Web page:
What Can Happen to Your Home If You Die Before Paying Off the Mortgage?
In Australia, a home mortgage is almost always a big debt that takes years or decades to repay. Find out what happens if you die before it’s paid off and what you can do about it now.
Many Australians have a mortgage, and you are probably among them. It is the most significant debt for many, and it might be for you too.
Due to the house prices in Australia, most Australians spend a good part of their life repaying it. Unfortunately, some die before paying it off.
What happens if you have an outstanding mortgage at the time of your death?
Here’s some information about several of the possible scenarios.
The Immediate Aftermath
What happens with your property immediately after your death depends on whether you have a valid will naming one or more beneficiaries of your estate.
There Is No Beneficiary
If you haven’t got a valid will, generally speaking your property will be divided between your relatives. Inheritance laws vary from state to state, so the property might not go to the person of your choice.
Things can get complicated if you have a blended family.
In some states, a de facto spouse and a legal spouse have the same rights. But in other parts of the country, a legal spouse is allocated a more substantial share than a de facto spouse would be.
To prevent complications, you could think about making a valid will with identified beneficiaries. But you have to be over 18 (with a few very limited exceptions) and have sufficient mental capacity to create a will. Also, it is typically the case that you will need two witnesses to sign it to make it valid.
There Is a Beneficiary
If you have named a beneficiary for the property in your will, they will inherit it when you die. With it, they will also inherit any debts tied to it. So if you haven’t paid off the mortgage, the beneficiary will have to take care of it.
In Australia, mortgage debt can be substantial, with the average about $434,000. That can put a heavy financial burden on the beneficiary.
The Lender May Request Full Payment
If you’re the sole borrower under the mortgage, the bank might even ask the beneficiary to pay the mortgage in full. Here’s what typically happens in that case.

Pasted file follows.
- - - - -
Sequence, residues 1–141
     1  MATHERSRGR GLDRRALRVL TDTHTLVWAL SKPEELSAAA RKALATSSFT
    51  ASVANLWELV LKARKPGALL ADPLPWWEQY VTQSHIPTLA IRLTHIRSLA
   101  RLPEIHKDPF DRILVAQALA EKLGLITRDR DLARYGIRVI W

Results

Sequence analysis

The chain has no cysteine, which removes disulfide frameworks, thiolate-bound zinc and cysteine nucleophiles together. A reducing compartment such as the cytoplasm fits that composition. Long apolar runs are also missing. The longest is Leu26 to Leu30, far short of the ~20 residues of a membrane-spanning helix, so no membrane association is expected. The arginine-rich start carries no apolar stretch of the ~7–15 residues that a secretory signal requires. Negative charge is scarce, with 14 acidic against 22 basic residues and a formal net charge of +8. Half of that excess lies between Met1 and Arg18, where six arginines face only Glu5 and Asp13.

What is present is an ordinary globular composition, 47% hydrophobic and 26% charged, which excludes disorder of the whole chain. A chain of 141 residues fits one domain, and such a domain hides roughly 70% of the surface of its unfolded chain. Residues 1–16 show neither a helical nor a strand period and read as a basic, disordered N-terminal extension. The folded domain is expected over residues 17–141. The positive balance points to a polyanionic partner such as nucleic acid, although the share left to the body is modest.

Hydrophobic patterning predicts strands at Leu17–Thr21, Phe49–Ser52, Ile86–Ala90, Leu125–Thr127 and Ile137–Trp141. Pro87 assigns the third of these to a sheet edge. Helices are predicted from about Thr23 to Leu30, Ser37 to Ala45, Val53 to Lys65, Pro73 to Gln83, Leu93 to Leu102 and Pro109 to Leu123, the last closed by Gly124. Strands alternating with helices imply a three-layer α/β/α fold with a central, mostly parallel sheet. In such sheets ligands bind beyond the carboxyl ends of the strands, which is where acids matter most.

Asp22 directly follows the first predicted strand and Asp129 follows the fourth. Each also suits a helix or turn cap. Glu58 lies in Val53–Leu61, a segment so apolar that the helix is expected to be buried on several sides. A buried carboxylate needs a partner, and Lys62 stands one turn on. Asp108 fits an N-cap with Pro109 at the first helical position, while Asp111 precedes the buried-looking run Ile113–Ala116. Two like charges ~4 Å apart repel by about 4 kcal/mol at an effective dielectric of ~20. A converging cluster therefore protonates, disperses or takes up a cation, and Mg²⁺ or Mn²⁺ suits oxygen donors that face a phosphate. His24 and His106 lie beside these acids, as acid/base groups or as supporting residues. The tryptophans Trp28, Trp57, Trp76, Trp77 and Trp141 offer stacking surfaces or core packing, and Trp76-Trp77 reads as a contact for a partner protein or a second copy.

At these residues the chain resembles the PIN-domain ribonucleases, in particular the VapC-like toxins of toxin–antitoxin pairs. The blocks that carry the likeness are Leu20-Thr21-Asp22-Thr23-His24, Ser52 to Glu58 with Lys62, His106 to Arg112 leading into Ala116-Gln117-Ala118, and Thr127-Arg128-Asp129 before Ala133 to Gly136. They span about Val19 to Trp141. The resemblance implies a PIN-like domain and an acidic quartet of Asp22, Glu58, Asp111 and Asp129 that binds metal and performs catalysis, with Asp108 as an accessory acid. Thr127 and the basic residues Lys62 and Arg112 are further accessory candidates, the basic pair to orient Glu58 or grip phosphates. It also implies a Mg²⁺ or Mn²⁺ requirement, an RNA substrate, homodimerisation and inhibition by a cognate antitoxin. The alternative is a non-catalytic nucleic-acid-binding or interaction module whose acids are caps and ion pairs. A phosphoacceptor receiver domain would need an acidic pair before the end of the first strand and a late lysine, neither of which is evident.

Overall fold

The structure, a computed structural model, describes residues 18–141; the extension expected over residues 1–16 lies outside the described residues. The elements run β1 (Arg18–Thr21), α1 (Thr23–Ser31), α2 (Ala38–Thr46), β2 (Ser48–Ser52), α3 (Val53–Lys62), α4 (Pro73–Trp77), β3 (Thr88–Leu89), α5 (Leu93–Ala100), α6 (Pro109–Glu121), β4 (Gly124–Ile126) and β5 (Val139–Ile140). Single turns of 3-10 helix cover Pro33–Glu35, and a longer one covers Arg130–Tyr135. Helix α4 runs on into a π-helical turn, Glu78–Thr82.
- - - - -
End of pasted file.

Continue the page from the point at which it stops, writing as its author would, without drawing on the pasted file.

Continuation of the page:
The best-case scenario is that there are enough assets to allow the beneficiary to pay off the debt. In that case, they can inherit the property in full after the bank gets all its money back. But it is essential to point out that things don’t always go that way.
If there are not enough assets left to the beneficiary to pay the debt, the beneficiary might have to sell the house (unless they decide to use their other assets to meet the mortgage). Depending on how much of the mortgage remains unpaid, there’s the possibility that they fall short of obtaining enough sales proceeds to cover the mortgage – if this is the case, the bank can sue them for the balance. In that case, they might have to sell other assets to pay the bank.
Such a scenario might put the beneficiary under extreme financial strain. And it might take them a long time to recover after.
Perhaps more commonly, but not always, the bank might let the beneficiary take ownership of the mortgage. They will just continue to pay the monthly amount.
Are My Family Liable for the Debt?
The answer to this question is not a straight yes or no. The family usually is liable, but it depends on a number of factors (and of course on the particular circumstances at hand, so these scenarios and comments are just a general guide).
You Hold the Debt Jointly with a Partner
Most people in Australia co-sign the mortgage contract with their spouse or civil partner. If you had signed your loan with your spouse or partner, they would assume the mortgage. That means they will be responsible for the monthly payments.
Your spouse or partner will not have to sell the house when you die as long as they are able to meet the mortgage repayments. They will also become the sole owner of the property, subject to the mortgage.